Year Three – Post 3 | Help! He bites, hits, kicks and the list goes on!
Biting, hitting, kicking, pulling, pushing and grabbing are considered normal behavior until your child is two years old. Your child’s impulses are quickly acted upon and he has limited language to express his wishes or concerns. Of course, this doesn’t mean you should ignore this behavior.
It is important that your child understand what acceptable social behavior is. After all, you are the one that has to teach this concept. It is not natural…it is learned behavior. Empathy and compassion develop slowly and they are learned skills. Your child may kick you one minute but offer you her “blankee” the next minute if you are tired or ill.
Around the age of four, your child is getting a better grasp of being concerned for others. By six years of age, they want to “fit in” with their friends and so they have learned what works and what doesn’t socially. They are still developing a conscious and therefore they may tell a fib or “forget” that they were responsible for one of their chores. It is important that you as a parent let them know that what they did wasn’t right, but still allow an openness that doesn’t create fear so that they don’t develop a habit of lying, cheating, or stealing. If the punishment is so severe (i.e., it doesn’t fit the crime), your child may risk lying to prevent the severe punishment.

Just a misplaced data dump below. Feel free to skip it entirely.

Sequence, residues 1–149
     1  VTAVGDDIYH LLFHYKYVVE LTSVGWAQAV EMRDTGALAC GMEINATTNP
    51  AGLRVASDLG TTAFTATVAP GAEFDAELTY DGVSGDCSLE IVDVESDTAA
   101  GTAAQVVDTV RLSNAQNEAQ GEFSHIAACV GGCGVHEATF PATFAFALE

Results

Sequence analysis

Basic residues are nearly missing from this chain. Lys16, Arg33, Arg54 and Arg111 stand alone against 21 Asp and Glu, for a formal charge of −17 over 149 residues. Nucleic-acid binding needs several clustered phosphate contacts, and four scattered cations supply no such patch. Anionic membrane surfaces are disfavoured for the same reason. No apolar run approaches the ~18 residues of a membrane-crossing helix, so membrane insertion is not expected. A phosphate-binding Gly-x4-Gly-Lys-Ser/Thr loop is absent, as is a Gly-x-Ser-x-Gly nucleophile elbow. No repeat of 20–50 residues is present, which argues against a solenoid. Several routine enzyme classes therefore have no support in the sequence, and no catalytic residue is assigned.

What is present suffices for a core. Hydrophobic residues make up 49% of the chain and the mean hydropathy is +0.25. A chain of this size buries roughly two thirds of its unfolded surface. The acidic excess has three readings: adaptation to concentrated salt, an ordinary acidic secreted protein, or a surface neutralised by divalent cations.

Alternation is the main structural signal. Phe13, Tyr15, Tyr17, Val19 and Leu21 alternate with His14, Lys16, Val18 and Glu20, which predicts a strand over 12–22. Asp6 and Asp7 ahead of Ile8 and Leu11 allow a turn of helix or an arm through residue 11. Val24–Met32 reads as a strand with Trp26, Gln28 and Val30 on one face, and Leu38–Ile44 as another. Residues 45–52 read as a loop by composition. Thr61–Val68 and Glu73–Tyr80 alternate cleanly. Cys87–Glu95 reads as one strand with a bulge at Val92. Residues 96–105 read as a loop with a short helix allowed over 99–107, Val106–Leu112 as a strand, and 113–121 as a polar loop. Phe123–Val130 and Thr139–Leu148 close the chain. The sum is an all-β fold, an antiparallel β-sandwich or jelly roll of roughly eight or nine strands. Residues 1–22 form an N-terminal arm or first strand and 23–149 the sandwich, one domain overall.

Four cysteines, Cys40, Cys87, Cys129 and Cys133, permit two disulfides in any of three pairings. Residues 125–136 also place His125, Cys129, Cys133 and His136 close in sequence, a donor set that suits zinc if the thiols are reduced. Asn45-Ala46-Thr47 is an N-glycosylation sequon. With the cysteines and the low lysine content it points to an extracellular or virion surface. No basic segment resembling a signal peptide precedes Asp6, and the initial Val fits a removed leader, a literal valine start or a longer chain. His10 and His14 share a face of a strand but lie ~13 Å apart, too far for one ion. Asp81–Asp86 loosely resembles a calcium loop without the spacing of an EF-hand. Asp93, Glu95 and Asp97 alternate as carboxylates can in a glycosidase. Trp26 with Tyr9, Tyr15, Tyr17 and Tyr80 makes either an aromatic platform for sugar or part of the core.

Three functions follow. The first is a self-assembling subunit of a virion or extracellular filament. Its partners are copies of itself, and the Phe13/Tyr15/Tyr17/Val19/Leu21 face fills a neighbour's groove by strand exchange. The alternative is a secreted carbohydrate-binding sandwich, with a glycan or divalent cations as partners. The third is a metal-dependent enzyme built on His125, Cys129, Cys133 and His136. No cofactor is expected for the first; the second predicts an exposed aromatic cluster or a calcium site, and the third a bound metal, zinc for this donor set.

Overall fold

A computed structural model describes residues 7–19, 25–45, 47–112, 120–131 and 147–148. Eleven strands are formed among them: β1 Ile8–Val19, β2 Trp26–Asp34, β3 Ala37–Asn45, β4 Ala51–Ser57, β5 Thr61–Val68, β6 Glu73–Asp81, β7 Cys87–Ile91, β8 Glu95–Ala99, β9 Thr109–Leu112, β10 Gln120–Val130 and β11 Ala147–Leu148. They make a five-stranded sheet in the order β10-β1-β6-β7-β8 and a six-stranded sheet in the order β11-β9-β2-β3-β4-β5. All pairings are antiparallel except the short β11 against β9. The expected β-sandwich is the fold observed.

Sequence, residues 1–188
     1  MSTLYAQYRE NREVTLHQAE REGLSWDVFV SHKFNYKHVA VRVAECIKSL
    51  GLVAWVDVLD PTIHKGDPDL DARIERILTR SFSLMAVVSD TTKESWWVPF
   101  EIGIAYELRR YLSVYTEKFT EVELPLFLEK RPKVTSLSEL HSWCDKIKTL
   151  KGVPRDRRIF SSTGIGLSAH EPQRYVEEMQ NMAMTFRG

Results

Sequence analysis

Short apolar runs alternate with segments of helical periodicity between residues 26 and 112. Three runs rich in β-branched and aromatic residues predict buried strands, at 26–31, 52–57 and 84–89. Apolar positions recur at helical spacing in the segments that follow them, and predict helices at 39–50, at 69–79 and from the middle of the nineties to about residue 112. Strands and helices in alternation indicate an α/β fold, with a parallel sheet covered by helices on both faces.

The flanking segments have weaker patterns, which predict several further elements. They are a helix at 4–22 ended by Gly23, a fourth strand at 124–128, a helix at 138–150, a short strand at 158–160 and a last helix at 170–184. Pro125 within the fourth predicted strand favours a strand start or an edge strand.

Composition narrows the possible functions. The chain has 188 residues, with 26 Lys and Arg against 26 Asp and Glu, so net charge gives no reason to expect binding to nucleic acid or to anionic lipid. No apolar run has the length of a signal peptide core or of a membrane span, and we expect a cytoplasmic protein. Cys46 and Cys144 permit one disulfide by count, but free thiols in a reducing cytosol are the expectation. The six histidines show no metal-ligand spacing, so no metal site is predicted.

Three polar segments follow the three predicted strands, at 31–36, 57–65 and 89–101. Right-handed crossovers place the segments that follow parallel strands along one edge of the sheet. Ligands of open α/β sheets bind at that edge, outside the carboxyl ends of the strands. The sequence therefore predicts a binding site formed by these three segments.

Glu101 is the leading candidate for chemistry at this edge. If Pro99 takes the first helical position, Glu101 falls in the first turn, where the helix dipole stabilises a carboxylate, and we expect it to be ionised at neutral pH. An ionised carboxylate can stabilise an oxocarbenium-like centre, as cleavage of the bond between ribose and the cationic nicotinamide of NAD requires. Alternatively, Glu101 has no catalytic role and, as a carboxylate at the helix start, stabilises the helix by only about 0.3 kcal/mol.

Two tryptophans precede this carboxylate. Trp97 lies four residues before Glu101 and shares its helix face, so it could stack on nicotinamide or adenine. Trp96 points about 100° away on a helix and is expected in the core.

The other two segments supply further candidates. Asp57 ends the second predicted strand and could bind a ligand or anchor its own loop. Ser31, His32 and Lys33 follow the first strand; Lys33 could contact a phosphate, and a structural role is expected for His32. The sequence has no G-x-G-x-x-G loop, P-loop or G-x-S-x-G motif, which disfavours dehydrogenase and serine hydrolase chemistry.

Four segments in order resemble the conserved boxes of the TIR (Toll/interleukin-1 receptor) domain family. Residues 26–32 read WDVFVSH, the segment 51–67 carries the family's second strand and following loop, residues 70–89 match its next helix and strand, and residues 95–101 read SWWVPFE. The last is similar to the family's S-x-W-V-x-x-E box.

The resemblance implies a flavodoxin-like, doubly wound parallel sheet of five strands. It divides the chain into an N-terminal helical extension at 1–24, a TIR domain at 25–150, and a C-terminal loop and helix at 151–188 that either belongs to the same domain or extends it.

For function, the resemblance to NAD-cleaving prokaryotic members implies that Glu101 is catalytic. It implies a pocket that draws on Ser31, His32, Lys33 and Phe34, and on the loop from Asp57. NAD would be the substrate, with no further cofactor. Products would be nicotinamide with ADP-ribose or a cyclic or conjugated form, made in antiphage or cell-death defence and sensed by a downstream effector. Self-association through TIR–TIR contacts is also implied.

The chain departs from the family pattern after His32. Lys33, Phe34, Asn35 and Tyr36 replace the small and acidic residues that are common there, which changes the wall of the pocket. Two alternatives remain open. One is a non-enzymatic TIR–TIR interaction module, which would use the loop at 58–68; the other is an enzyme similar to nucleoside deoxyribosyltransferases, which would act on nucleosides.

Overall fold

The second book in the My Baby Compass series provides helpful advice for mommies and daddies dealing with child behavior. If your child continues to be aggressive or he doesn’t interact with his peers after the age of three, you should address these concerns with your health care provider.
– Kathryn Thorson Gruhn, MA CCC-SLP, author of My Baby Compass series